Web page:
On December 30, 1982 (subsequent to oral argument in this case) the President signed into law Pub.L. No. 97-395, 96 Stat. 2001 (the "Tris Act"). Under the Tris Act the Claims Court has jurisdiction over any claim for losses sustained by any producer, manufacturer, distributor, or retailer of children's sleepwear, or by any producer, converter, manufacturer, distributor, or retailer of fabric, yarn, or fiber contained in or intended for use in children's sleepwear, (1) if those losses resulted from the actions taken by the Federal Government under the Federal Hazardous Substances Act of April 8, 1977, and thereafter relating to apparel, fabric, yarn, or fiber containing Tris (2,3-dibromopropyl) phosphate, and (2) if such children's sleepwear or such fabric, yarn, or fiber, as the case may be, at the time of its manufacture was subject to the requirements of or was subject to use in compliance with the mandatory Federal flammability standard FF3-71 or FF5-74.

The Tris Act goes on to prescribe the factors that the Claims Court is to consider in adjudging liability, the method of measuring losses and certain procedural rules for Tris claims.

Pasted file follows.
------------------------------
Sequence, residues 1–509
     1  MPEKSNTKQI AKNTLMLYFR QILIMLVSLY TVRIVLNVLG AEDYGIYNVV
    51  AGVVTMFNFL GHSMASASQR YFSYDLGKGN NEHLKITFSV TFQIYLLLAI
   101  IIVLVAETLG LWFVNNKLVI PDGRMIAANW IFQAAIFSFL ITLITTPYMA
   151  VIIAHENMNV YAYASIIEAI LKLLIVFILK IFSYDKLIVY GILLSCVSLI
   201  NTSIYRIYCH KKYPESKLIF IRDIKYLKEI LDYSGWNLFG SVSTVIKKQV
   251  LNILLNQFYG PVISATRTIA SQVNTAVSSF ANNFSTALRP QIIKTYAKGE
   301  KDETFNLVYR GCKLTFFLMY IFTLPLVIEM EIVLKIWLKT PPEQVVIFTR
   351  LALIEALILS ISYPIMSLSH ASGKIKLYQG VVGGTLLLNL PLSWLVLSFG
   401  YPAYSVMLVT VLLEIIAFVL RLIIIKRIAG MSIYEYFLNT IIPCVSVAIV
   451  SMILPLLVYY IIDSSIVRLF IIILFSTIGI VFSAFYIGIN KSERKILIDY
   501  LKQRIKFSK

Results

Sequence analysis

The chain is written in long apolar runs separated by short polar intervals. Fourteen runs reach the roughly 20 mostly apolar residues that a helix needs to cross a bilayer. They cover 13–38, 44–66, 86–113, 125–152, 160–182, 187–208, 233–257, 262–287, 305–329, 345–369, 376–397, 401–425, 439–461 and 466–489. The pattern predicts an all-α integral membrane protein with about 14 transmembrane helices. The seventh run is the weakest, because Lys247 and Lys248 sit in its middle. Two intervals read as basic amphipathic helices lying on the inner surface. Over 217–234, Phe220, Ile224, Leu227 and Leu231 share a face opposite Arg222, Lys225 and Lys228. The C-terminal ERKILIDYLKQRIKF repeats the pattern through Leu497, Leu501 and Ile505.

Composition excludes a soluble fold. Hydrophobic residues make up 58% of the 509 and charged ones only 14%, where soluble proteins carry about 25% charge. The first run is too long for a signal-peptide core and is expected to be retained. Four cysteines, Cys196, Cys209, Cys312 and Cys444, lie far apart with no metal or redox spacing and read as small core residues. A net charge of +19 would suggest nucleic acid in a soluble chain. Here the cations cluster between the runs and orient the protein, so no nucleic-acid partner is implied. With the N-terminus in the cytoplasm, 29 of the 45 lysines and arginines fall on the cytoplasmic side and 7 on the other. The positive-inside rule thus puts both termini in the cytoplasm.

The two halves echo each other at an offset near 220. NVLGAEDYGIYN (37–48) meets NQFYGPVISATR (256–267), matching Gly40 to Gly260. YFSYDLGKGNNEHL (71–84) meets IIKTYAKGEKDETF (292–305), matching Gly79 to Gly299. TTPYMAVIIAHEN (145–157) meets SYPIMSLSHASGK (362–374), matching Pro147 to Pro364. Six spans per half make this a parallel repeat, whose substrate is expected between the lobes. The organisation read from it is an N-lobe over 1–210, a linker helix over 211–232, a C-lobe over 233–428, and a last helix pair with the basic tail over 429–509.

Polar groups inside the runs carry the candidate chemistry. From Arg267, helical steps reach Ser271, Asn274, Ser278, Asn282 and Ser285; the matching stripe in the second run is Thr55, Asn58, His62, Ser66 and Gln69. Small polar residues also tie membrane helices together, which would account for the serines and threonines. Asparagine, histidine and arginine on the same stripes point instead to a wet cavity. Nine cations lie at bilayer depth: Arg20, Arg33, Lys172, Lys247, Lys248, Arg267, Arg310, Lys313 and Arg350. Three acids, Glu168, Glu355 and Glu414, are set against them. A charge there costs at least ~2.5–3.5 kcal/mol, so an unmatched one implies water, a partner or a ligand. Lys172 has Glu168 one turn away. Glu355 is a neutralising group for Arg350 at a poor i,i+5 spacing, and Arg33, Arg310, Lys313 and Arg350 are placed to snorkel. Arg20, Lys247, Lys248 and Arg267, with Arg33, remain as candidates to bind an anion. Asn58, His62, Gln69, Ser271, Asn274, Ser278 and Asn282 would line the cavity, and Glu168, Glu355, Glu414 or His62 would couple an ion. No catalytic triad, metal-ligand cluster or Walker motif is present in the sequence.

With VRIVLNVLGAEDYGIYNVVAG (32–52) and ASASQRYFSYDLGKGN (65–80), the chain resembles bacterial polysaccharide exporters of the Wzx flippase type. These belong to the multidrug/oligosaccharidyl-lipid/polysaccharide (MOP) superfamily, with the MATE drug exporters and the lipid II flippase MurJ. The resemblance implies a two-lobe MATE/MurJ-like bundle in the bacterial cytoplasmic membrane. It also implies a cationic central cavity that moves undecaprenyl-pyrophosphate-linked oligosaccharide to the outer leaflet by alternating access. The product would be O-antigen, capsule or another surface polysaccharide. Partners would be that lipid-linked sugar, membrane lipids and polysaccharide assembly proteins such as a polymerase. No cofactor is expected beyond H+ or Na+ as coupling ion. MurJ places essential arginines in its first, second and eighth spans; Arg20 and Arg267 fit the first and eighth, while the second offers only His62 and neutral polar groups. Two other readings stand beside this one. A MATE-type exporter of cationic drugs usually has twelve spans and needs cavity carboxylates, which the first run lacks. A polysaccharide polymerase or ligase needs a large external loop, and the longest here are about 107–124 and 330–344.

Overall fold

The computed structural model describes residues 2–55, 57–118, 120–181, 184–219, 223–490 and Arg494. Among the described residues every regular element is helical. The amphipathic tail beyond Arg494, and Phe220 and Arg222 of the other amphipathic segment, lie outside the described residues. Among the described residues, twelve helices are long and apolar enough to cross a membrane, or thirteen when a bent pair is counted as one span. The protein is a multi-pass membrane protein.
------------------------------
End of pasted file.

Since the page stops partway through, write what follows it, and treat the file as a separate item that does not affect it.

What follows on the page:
This suit was brought in the District Court for the District of Columbia against the United States, the CPSC and the individual members of the Commission at the time of the ban. Relief was sought against the United States and the Commission under the Federal Tort Claims Act ("FTCA"), 28 U.S.C. Sec. 2671 et seq. (1976), and 15 U.S.C. Sec. 2053(h) (1976). Appellants claimed that the ban constituted negligence per se under local law as applicable pursuant to the FTCA (Counts I, II and III), that it constituted a taking of property without just compensation in violation of the fifth amendment (Count IV), and that the individual Commissioners' conduct was an actionable denial of the due process of law guaranteed by the fifth amendment (Count V), see Bivens v. Six Unknown Named Agents of the Federal Bureau of Narcotics, 403 U.S. 388, 91 S.Ct. 1999, 29 L.Ed.2d 619 (1971).